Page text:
I take a step. And then another. The meth-addled butterflies in my stomach start to relax as my pace quickens a little bit. For some reason, I can hear someone narrating this in my head.

And so we bear witness to the first time Adam Bellotto will ever inside a TV station.

Things start to click. I look at my reflection in that shiny, CBS glass and see a boyishly handsome young man, hope glimmering in his soft green (and modest, too) eyes.

I see the door.

This is happening.

And by ‘This,’ I mean my face slamming into the clearly locked front door.

I take a step back and rub my wounded face and ego, only to see a woman inside the building flash what…. might be a smile and wave me in from behind the front desk. Gingerly, I open the no-longer-locked door, and calmly ask about any kind of unpaid volunteer/internship type things I could do over the summer.

“Oh. CBS don’t do no volunteer work.”

Oh joy. And all that build-up for nothing. As I headed for home, I thought about how it wasn’t just my face that was hurting, but also my soul, but that my philosophy on life had changed, if just a tiny little bit. Thanks to the now-needing-a-Band-Aid wound on my face, I had grown up some. I faced my fears. Even if it ended in a hilariously brief way.

Written by mandudeman

May 3, 2011 at 11:20 pm

#43. Just look how far we’ve come

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This post is going to be something special. Something extraordinary, even. You see, it’s not often that I come across something so profound, so wonderful, that it changes my worldview in ways that would destroy a weaker, more fragile mind.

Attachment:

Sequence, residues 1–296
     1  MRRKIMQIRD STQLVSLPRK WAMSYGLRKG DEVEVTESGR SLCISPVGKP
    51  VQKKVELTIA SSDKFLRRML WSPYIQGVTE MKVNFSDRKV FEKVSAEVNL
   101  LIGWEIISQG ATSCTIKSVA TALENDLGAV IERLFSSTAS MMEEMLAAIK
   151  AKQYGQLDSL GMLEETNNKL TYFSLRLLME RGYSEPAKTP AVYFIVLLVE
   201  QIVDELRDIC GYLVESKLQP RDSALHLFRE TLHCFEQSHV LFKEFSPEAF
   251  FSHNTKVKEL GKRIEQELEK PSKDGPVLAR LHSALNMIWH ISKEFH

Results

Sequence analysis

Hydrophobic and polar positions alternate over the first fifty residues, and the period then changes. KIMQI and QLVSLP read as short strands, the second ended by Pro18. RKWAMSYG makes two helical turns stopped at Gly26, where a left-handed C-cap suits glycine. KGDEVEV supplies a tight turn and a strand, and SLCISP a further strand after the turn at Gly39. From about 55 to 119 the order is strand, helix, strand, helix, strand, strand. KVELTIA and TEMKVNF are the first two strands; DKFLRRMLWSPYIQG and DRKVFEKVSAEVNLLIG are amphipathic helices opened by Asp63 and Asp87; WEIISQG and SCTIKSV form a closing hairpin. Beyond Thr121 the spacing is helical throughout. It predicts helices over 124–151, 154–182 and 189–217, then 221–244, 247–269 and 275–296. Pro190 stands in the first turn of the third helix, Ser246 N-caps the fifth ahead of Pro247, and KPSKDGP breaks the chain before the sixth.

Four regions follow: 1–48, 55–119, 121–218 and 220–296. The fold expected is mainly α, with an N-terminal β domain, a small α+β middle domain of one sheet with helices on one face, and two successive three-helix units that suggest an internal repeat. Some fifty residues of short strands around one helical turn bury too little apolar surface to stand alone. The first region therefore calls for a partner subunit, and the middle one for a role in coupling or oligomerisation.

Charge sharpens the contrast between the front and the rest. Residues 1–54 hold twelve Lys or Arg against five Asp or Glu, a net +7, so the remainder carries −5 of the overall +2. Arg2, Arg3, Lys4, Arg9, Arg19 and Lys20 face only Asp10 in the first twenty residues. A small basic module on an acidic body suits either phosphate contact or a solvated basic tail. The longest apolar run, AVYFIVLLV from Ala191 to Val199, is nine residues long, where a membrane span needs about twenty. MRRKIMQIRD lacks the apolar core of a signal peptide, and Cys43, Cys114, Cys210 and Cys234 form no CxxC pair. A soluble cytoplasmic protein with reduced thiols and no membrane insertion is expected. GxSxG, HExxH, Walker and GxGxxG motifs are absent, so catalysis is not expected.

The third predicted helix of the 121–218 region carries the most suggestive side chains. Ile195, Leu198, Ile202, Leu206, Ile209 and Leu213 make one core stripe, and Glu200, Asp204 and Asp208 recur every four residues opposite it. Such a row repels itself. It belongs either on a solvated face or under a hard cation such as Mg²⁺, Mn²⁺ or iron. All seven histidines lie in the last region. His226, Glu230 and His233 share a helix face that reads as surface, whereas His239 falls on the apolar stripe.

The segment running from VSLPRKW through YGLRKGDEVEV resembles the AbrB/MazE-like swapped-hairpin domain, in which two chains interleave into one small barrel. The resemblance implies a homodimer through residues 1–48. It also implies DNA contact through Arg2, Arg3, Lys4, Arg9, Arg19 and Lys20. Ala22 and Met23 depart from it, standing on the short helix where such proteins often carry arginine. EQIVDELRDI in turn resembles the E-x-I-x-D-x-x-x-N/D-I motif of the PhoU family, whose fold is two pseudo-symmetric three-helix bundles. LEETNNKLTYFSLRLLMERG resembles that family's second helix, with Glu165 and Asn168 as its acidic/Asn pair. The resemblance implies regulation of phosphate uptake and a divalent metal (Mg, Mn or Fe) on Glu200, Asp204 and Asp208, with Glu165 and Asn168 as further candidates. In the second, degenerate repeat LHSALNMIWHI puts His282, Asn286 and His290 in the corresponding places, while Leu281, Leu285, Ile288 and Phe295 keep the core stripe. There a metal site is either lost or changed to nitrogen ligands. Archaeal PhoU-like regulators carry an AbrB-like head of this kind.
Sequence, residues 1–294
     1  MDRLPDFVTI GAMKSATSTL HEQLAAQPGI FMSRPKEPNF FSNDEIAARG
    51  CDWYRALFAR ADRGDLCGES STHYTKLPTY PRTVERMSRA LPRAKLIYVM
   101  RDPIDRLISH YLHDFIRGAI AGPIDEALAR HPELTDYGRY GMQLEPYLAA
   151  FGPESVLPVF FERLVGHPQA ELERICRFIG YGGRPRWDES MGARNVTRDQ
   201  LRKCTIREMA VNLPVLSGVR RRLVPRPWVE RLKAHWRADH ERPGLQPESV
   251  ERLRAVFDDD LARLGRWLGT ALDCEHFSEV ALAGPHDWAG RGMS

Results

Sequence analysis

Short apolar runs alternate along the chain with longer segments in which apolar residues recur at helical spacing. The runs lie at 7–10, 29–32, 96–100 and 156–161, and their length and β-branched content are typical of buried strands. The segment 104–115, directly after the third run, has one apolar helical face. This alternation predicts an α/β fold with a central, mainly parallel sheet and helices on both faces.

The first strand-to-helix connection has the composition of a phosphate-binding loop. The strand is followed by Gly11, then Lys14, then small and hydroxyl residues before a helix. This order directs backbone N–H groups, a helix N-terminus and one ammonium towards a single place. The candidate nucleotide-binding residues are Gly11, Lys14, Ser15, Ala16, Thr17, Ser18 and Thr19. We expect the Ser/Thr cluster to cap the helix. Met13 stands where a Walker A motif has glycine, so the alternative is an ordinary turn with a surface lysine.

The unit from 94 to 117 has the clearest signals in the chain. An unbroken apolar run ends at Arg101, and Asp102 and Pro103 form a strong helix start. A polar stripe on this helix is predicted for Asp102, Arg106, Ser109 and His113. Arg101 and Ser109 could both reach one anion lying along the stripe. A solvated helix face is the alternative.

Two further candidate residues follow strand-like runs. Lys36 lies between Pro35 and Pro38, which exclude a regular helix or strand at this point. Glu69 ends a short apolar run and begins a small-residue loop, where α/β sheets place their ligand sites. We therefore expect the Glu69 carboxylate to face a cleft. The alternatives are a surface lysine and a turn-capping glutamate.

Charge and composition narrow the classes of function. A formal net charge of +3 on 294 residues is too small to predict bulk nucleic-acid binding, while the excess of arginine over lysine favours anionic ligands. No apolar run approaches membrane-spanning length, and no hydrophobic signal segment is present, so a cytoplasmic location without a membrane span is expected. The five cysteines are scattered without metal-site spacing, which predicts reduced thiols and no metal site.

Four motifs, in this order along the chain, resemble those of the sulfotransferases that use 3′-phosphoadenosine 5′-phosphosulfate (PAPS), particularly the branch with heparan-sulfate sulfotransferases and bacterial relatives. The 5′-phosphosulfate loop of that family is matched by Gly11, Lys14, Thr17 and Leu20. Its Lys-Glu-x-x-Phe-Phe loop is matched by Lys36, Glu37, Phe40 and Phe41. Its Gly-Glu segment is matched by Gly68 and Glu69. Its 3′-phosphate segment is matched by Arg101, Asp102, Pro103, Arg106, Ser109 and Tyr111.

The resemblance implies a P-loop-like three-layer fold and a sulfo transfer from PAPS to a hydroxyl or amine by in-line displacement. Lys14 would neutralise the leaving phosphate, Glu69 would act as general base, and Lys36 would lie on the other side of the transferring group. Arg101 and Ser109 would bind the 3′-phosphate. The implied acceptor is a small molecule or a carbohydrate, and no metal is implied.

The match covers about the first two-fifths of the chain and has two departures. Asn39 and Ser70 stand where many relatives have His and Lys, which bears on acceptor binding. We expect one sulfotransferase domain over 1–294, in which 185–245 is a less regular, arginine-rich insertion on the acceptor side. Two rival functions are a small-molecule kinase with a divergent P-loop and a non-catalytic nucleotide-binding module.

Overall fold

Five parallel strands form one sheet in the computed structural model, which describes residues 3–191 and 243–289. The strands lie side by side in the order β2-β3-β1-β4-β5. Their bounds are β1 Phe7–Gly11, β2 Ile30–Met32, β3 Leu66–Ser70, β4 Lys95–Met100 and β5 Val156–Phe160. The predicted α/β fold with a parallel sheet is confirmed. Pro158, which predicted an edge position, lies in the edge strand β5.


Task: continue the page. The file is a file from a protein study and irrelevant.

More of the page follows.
If you have a weak stomach, please turn away.

Please. It’s for your own good.

Okay now that everyone’s stopped reading and started doing something constructive with their time, here’s the scoop:

They make plastic packaging that’s not impossible to open.

Amazing, no? So here’s how I got started on all this. I was taking some super-terrific pictures of Band-Aids for this blog, but afterward I left the SD card in my Macbook during several shutdowns/restarts. Apparently, repeatedly doing this can, on occasion, lead to slight side-effects like the memory card being reduced to a useless piece of dull plastic.

Never fear, though. I bought a new one. But as I contemplated the packaging, fear set in. It was wrapped in thick plastic, like a Mace Windu action figure, or some kind of electric shave-razor. You know the packaging I’m talking about. You can cut it with scissors, but all you can really do is mangle the plastic so much that it becomes a razor-sharp hedge maze of crying and wallpapering my hand with Band-Aids. Naturally, I was upset.



I spotted a dotted line running across the top of the box. There was a little picture of a scissor next to it. After applying every ounce of knowledge in my college-educated brain to this problem, I finally chewed through the dotted line with my front teeth and watched the box open up like some kind of magic pirate gold chest. The SD card fell right into my hand. Angels sang. The clouds opened. A beautiful golden light rained down upon me. I retook the four pictures I had lost with the old card.

This is the greatest thing humankind will ever come up with.

All thanks to the progress fromĀ  Kingston Technologies. Progress that keeps jagged plastic shards from shredding my hand into deli meat and me having to restructure my whole hand with Band-Aids.

Written by mandudeman

May 3, 2011 at 10:07 pm

Posted in Week 12: Progress

#42. Ain’t no stoppin’ me now

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So the new directive is progress, huh?